The War in the Mind

A remarkable post on martial arts called The Pleasure of Drowning deals with the self-deception that comes from teaching your students how to fight you.  Here is a master of Aikido whose students have learned that they had best evade his every hint if they are to avoid a painful reprisal:

And here is what happened when he faced another master, who did not have that barrier of fear in the mind.

The author says that the students were complicit, but in fact they probably had each learned painful lessons in the face of the master, so that they were eager to avoid each of his strokes.  The competitor who had learned his own art did not come up with that fear of the master, and so beat him with ease.

There is a lesson here; there are several.  What are they?


karrde said...

On the practical end, find a teacher who won't punish you for being better than he is.

Texan99 said...

Fear of pain makes us slaves.

Grim said...

Good lessons, both.

T99's lesson is the lesson of the lion who grew up in a bamboo cage. He learned as a cub that the bars were too strong for him, so that when he was a grown lion he never tried to break out of them: though by then, he easily could. The students are like that.

There's a lesson from the perspective of the master, too. That's the one that bothers me most. At one point he really could best all these students; and over time he came to be so good at manipulating their psyche that he was really doing this stuff, throwing them around like rags without touching them. The power he had was real enough, within that circle.

The problem is that he seems not to have known the root of the power. He seems to have come to believe that he was invincible, and could throw anyone without touching them. And, so, he learned a hard lesson.

E Hines said...

In the first video, the students have no idea of how to complete a punch or a kick, since they're never allowed to. This is made manifest by the two students working alone/together on their (kata?). Their form just plain sucks.

This is a terrible instructor: he's only teaching his students how to fail. And in so doing, he's only taught himself how to fail. This is manifest in the second video, where he's slow, stiff, and tentative. And purely defensive--of the timid variety, not of the kind of defense intended merely to turn a disadvantage into an advantage.

The "instructor's" disadvantage is mental--he's already surrendered before the fight has begun. This is because he's surrendered in his own dojo, out of his fear of his students.

This man does not teach his students how to excel, only how to submit. By doing this, he not only limits his students, he limits himself: he preempts all opportunity to learn from his students.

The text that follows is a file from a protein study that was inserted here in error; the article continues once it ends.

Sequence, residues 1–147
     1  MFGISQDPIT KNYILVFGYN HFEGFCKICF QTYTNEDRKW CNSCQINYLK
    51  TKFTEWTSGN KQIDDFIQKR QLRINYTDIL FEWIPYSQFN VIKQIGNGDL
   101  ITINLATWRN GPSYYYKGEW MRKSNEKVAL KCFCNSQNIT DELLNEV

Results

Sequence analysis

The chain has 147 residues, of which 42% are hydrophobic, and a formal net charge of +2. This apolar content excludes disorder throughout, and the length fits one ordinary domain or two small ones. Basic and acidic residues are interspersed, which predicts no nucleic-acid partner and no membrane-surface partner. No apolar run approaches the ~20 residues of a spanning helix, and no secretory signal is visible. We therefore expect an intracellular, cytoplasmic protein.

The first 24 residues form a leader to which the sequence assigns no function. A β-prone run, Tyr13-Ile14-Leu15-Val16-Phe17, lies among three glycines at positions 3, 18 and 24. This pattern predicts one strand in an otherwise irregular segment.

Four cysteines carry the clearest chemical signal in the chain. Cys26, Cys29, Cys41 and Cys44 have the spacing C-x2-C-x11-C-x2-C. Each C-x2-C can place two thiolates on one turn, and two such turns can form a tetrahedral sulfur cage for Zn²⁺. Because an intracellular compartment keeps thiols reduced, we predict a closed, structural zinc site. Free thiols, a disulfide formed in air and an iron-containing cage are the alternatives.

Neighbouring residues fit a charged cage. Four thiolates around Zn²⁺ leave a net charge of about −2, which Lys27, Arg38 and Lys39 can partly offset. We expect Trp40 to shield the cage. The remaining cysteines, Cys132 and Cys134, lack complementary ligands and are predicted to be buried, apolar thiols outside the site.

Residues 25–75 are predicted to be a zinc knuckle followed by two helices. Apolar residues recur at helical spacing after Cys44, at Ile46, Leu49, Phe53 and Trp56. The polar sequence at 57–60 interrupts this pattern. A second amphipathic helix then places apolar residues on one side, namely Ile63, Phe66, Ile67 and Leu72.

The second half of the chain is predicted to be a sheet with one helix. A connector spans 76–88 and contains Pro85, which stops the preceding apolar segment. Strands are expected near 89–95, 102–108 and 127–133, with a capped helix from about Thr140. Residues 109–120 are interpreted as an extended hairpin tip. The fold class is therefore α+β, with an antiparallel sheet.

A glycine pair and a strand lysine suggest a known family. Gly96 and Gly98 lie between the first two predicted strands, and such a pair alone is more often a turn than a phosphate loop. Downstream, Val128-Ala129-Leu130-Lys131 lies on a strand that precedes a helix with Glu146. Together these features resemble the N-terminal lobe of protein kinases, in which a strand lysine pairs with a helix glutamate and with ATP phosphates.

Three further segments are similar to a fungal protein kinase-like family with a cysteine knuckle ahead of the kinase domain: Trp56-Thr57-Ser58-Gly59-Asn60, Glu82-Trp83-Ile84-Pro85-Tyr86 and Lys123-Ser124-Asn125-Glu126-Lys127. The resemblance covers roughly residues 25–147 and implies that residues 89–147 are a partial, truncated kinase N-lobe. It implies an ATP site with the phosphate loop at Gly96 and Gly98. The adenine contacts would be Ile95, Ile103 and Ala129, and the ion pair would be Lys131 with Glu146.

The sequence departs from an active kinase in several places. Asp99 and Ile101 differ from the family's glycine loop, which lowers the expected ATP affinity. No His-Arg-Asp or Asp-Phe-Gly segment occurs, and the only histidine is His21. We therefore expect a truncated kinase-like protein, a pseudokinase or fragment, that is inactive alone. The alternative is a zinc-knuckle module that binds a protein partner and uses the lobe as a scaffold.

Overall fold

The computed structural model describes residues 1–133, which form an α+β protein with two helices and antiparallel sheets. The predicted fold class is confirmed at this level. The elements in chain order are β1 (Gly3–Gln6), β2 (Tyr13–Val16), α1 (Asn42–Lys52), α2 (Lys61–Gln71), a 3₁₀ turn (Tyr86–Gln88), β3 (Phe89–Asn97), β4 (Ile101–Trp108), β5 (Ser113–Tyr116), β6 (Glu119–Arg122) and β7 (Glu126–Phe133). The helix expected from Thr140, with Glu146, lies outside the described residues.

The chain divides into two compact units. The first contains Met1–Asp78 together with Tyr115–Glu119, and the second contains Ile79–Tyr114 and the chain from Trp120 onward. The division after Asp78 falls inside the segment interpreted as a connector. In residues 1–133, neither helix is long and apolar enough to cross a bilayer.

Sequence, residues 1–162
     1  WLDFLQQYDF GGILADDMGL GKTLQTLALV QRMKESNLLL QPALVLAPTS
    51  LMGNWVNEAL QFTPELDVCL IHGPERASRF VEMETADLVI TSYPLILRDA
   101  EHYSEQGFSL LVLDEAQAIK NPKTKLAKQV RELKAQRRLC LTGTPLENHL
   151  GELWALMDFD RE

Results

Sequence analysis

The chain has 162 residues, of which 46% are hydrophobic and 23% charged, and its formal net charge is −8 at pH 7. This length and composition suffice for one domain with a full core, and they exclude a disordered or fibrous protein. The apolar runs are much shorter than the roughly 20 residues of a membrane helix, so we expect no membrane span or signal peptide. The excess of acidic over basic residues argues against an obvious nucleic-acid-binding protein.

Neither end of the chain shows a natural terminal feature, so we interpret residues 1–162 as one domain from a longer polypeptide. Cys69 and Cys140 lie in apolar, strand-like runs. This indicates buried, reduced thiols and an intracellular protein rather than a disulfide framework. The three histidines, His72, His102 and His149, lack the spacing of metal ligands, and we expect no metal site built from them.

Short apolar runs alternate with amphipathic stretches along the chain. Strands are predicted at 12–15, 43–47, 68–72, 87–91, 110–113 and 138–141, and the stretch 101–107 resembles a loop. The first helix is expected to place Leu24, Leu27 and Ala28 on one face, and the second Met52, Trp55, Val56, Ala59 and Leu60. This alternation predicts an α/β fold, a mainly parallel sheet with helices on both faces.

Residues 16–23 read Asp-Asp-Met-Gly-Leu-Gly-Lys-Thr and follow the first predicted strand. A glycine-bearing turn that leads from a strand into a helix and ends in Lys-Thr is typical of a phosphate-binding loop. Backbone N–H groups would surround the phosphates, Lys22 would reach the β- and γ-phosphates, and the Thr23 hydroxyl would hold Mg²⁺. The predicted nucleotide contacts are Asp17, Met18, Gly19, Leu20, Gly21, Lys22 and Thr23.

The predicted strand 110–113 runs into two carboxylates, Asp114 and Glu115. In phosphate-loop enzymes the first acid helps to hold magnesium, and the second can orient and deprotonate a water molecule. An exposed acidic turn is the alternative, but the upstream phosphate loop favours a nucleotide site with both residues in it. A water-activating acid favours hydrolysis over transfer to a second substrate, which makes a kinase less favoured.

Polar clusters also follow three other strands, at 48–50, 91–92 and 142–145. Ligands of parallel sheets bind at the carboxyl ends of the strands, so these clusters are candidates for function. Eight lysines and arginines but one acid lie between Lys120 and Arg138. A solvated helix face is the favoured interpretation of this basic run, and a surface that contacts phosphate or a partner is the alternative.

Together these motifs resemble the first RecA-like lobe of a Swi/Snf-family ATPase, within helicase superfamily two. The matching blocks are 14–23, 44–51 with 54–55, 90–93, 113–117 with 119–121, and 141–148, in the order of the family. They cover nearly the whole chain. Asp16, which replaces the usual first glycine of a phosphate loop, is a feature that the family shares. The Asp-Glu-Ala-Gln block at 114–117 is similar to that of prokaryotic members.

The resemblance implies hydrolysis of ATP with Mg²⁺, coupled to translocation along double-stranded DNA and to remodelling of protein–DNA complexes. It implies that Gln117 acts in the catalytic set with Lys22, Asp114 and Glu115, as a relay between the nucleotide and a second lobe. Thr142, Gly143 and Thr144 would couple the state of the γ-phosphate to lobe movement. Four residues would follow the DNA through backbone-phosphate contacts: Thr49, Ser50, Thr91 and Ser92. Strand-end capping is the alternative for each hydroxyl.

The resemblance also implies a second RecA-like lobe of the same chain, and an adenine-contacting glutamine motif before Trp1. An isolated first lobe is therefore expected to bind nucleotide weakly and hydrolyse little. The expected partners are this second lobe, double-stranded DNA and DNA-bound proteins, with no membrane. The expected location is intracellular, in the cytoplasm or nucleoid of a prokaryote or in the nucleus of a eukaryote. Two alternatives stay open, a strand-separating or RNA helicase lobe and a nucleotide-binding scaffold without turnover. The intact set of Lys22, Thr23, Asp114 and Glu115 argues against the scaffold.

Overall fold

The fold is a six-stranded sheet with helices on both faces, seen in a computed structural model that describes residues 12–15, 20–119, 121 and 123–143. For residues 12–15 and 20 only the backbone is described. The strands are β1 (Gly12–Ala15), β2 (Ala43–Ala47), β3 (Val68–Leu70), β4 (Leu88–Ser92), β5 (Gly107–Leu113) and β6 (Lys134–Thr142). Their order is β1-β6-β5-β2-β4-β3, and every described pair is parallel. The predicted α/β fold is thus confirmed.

Both physical skill and mental toughness. Honor and pride. Self confidence.

It's an attitude I've never understood, but it's far more widespread than in just a poor dojo.

Eric Hines

Tom said...

I have to think about this, but there are some other strange things here.

The instructor's given name is extremely unusual for Japan. 'Ryuken' is literally 'Dragonfist,' and the Japanese don't name their kids that kind of thing anymore than we do. I suspect it's a nickname (or art name), but that kind of nickname is unusual as well in traditional Japanese arts, or at least in my limited experience of them. Normally they are self-deprecating, or evoke simplicity, or something along those lines.

Then there's the art itself. Daito ryu aikijujutsu was the precursor to aikido. But what's Daito ryu aikido? Is it a blended art?

William said...

If one is studying a competitive art, be it chess, combat, or just driving down the road, complacency kills. Yes he has done a terrible disservice to both his students and to himself by not seeing to his own development and growth. The best studio I ever trained in encouraged senior belts to take field trips and visit other studios, preferably on nights they were fighting, in order to grow and develop.

William sends.

Grim said...

That's very good advice.

William said...

On reflection it occurs to me that this is an easy trap to fall into and that avoiding it requires the same focus, discipline, and attention to detail that has been discussed from Da Mao through Vince Lombardi. All that is required is to be satisfied enough and confident enough in your abilities to allow yourself to refocus your attention, time, and primary energies elsewhere. Then, much like a garden or a knife, if you don't return your attention often enough to train, weed, or re-hone, your abilities will decay and you simply won't notice enough initially to fix it. Excellence really is a habit that we need to be aware of. I can think of a few places in my life that have become like this. Now I must fix them. I hope that he chooses to grow also. (Personally, I believe that he owes it to his students to either help them grow, with will require him to fix himself, or to find them other teachers who will.) If not, his life will be miserable.

William sends.